IS militants blow themselves up in north Iraq: army
Army spokesman Yahya Rassoul said the incident took place in a region near the Syrian border, where jihadist sleeper cells are believed to be present.
He said the suspects died as troops surrounded them but there were no casualties among government forces.
Local officials said the suspects were killed as they were trying to attack troops in the village of Qayrawan, south of the mountainous region of Sinjar which borders Syria.
Fighters of the US-backed Syrian Democratic Forces on Saturday pronounced the death of the nearly five-year-old IS "caliphate" which once stretched across a vast swathe of Syria and Iraq.
Their victory was hailed as a major landmark in the battle against the jihadists but there have also been numerous calls for "vigilance" with many saying the fight is far from over.
Top SDF commander Mazloum Kobane on Saturday warned that a new phase had begun in anti-IS operations and appealed for sustained assistance from the US-led coalition to help smash "sleeper cells".
Diehard jihadists continue to have a presence in mountainous or desert regions between Syria and Iraq, which had declared victory over IS in December 2017.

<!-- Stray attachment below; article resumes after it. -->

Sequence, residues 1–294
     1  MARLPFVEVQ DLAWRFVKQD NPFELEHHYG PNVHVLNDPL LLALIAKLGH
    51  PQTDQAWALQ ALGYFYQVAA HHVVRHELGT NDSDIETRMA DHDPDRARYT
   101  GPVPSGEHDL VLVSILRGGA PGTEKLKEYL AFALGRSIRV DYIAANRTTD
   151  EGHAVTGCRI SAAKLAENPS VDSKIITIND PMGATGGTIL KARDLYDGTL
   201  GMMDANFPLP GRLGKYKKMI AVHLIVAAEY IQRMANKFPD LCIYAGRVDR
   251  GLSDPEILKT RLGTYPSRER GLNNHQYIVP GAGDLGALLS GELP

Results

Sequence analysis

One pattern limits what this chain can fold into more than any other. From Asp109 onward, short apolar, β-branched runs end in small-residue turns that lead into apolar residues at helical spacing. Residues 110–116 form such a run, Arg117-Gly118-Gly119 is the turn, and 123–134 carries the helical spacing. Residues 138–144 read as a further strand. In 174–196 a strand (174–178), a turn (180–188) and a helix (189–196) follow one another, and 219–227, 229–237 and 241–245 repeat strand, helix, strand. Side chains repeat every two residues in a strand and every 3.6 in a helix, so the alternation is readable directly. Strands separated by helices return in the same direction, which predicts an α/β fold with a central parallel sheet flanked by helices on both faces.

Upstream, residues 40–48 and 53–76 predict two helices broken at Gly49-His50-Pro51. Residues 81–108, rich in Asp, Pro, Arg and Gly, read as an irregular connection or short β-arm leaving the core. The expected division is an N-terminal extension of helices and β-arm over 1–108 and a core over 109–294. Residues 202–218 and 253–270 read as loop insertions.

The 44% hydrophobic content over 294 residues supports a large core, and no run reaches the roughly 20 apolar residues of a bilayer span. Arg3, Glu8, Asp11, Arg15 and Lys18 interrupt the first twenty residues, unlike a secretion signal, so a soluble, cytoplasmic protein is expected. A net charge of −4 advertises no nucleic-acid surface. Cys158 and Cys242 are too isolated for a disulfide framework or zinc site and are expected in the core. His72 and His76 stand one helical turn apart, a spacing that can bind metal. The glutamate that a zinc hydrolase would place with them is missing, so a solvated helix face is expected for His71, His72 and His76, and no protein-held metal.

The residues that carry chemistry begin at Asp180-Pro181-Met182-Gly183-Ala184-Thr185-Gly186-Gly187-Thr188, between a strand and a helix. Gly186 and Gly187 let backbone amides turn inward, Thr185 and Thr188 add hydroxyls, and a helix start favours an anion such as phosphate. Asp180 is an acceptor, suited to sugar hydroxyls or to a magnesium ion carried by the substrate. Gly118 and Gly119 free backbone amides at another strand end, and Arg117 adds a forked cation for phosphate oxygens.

In Iraq some of these regions remain inaccessible to security forces.Fight against radicalism continues
The bombings came as President Donald Trump welcomed the formal defeat of the Islamic State group in Syria, but said the US will continue to remain vigilant against "radical Islamic terrorists".
"We will remain vigilant... until it is finally defeated wherever it operates," Trump said of IS in a statement.
"The United States will defend American interests whenever and wherever necessary. We will continue to work with our partners and allies to totally crush radical Islamic terrorists."
He also warned youth not to fall for the lure of IS in the future.
"To all of the young people on the internet believing in ISIS' Propaganda, you will be dead if you join. Think instead about having a great life," he said, using an alternative acronym for the jihadist movement.
Trump has claimed 16 times that IS had been defeated or on the verge of collapse.
US acting Defence Secretary, Patrick Shanahan, welcomed the "critical milestone", but said that "our work is far from complete".
"We will continue our work with the global coalition to deny ISIS safe haven anywhere in the world," he said.
"We remain committed to ISIS' enduring defeat and we are confident that we will prevail."
US-led Operation Inherent Resolve Commanding General Paul LaCamera also confirmed the defeat of the group but urged caution in a statement.
"The end of the so-called physical caliphate is a historic military accomplishment that brought together the largest coalition in history, but the fight against Daesh and violent extremism is far from over," he said.
Chairman of the Joint Chiefs of Staff General Joseph Dunford, Jr added that "the US military remains committed to working closely with our Coalition and regional partners to ensure the lasting defeat of ISIS".
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